Digital Transformation: supporting structures and systems

Digital Transformation- supporting structures and systems

In less than four seconds one can bring order to chaos. When speaking of «chaos», we think of the state you can see on the left side in our photo. And when speaking of «order», the one on the right. In this short amount of time it is possible to get the colourful little cubes in orderly paths of the same colours. We admit: It is not us who set this record to solve the famous «Rubik’s Cube», but Yusheng Du, the current record holder in speedcubing. (Guinness World Records, Fastest time to solve a Rubik’s Cube, 2018).

But where does this famous cube come from? The inventor of the «Rubik’s Cube» is Erno Rubik, a Hungarian architect and designer. Between 1971 and 1979 he was a professor for architecture at the Moholy-Nagy University of Art and Design in Budapest. Rubik invented the «magic cube» – as he called it in the beginning – to show his students on a three-dimensional object how individual parts move and relate to each other in the three dimensional room. The magic cube seemed to find approval amongst his students, and Rubik soon saw a further potential economic value of this simple yet intellectually demanding puzzle. Still unsure about the possible success of his cube as a puzzle on the market Rubik said: «The market is two-sided. Partly they are keen for something new, and they are afraid about new.» (Business Insider, How the Rubik’s Cube became one of the bestselling toys in history, 2018). But Rubik’s doubts turned out to be unfounded, as his cube has been sold over 450 million times up until today. And, as mentioned at the beginning, a whole world of competition has risen around this magic little cube.

These world records in speedcubing are fascinating for sure; but they are not what we want to emphasize here. We use the cube – just like at the beginning of the «Rubik’s Cube» – as an instrument to graphically illustrate thoughts . Imagine your company to be in the state of «chaos» (or simply, in its initial position) on the left side of our photo: You have ‹fields› of offers – products, services – which should be brought to your clients in the most efficient ‹paths› as possible; or, in other words: they should be brought to a direct line with your clients. As is well known, many paths lead to Rome, and everybody is not able to do this in under four seconds. But rest assured, you absolutely don’t have to with your company. Your goal is to bring your offer to a direct line with your clients, reliably and efficiently. And this, in fact, with your specific initial position in mind. For that – just as with the magic cube – you actually have to set something in motion.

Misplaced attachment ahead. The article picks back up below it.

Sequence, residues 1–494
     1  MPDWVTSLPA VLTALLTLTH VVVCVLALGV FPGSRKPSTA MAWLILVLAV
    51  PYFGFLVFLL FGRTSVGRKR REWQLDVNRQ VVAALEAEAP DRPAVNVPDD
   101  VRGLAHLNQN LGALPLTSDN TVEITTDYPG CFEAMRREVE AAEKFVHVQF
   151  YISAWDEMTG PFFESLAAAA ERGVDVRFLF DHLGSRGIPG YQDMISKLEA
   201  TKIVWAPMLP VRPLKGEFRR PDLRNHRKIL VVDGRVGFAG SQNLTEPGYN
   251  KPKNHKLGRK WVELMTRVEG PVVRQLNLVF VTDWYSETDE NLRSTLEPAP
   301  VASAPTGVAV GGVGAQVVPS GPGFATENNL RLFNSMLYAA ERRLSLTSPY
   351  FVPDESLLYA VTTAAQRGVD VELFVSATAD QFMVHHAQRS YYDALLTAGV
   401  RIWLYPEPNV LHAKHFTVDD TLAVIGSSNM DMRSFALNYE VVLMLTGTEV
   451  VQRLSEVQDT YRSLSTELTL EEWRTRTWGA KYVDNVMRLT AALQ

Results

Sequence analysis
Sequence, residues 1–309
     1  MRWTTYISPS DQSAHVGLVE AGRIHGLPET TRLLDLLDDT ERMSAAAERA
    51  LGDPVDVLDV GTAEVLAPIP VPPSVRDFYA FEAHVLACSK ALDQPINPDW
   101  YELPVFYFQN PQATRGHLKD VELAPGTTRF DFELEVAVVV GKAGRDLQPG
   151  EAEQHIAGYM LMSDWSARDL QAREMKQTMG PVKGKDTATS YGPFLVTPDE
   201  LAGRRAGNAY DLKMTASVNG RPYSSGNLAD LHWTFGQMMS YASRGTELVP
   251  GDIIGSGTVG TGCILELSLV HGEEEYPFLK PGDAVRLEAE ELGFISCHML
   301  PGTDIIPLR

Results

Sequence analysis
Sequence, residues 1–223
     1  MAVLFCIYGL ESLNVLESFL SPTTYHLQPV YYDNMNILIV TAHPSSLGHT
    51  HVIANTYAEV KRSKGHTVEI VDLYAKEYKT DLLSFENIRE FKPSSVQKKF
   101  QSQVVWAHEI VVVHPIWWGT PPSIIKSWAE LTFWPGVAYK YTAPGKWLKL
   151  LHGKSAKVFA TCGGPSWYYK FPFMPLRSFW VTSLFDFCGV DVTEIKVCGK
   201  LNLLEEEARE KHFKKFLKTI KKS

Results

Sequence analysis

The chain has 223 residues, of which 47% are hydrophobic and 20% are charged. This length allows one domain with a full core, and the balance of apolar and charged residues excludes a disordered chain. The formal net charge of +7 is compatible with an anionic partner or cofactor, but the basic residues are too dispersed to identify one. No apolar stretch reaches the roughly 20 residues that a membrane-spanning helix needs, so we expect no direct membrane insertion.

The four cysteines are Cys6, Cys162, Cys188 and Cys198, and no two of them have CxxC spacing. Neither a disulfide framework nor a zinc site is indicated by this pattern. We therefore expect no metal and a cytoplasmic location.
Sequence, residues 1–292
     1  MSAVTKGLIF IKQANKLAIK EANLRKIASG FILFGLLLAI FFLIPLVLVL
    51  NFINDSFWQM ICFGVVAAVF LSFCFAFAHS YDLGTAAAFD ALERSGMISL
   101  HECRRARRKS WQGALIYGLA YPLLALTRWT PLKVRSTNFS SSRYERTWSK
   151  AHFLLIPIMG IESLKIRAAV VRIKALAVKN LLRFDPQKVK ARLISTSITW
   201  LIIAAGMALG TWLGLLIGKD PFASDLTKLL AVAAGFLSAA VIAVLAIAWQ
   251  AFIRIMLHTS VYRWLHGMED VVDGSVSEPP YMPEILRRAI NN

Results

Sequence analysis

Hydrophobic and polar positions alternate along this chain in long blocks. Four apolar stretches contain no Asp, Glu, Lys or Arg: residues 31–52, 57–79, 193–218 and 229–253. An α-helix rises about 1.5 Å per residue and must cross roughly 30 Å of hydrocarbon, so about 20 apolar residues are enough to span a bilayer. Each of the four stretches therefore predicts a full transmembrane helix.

Everyone is currently talking about the «digital transformation». Its goal is to make companies faster, better and more efficient. But just as often as the term is used there seems to be some kind of uncertainty about it. Uncertainty about how such a digital transformation should look like, or about how much should be transformed or changed. It is often assumed that the whole process of a company should be turned inside out. But that is wrong in most cases, as the Harvard Business Review states. (Harvard Business Review, Don’t Put a Digital Expert in Charge of Your Digital Transformation, 2019). Just because a lot of things may be created more digitally doesn’t mean your entire previous business model no longer makes sense. Your offer probably stays the same for the most part. But you have to ask: How do you get your offer to your client as needs-based and targeted as possible? And are there digital aids to make your work easier?

There also were attempts to solve the «Rubik’s Cube» with computer-operated systems. Researchers of University of California Irvine (UCI) wrote a self-learning algorithm that solves the magic cube in about a second. But let’s bring back our analogy of the magic cube to your company: You do not have to turn your processes inside out – and for example switch to complex computerized algorithms or completely digital solutions –, but you can achieve great results and changes with a few simple handles and systematics. Believe us, we have tried it. At first sight of the Rubik’s Cube we almost broke out in a sweat of fear. But with only a few easy algorithms and handles we were able to bring order to chaos. That happened in nowhere near four seconds, but in a few minutes anyway. And what’s working with the Rubik’s Cube is also true for your company: You have to apply those changes and systematics that work for you and your business model. They absolutely should not change your process entirely but be fitted in it. By sheer force you can neither solve the Rubik’s Cube nor change your company into a digital giant. The digital transformation will not change your whole business. It rather helps to implement digital means and solutions where they make sense and where they make procedures easier for you and your clients.

As a manager you also have to think about hiring the personalities who understand the fundamental processes of your kind of business. They will then implement digital means where they are of help. Digital solutions should not be the starting point of your thoughts about digital transformation, your future business model is. This is why successful «transformation drivers» are often those people that know, understand, and improve their business profoundly. As a consequence, it is often not the digital «gurus», as the Harvard Business Review calls them, that drive the transformation. Are you as well still looking for the people who successfully solve your entrepreneurial «magic cube»? Who steer and guide your offer to the right path? We will support you! And in four seconds you can manage this for sure: pick up your phone and call us!


A De Bord International’ blog post



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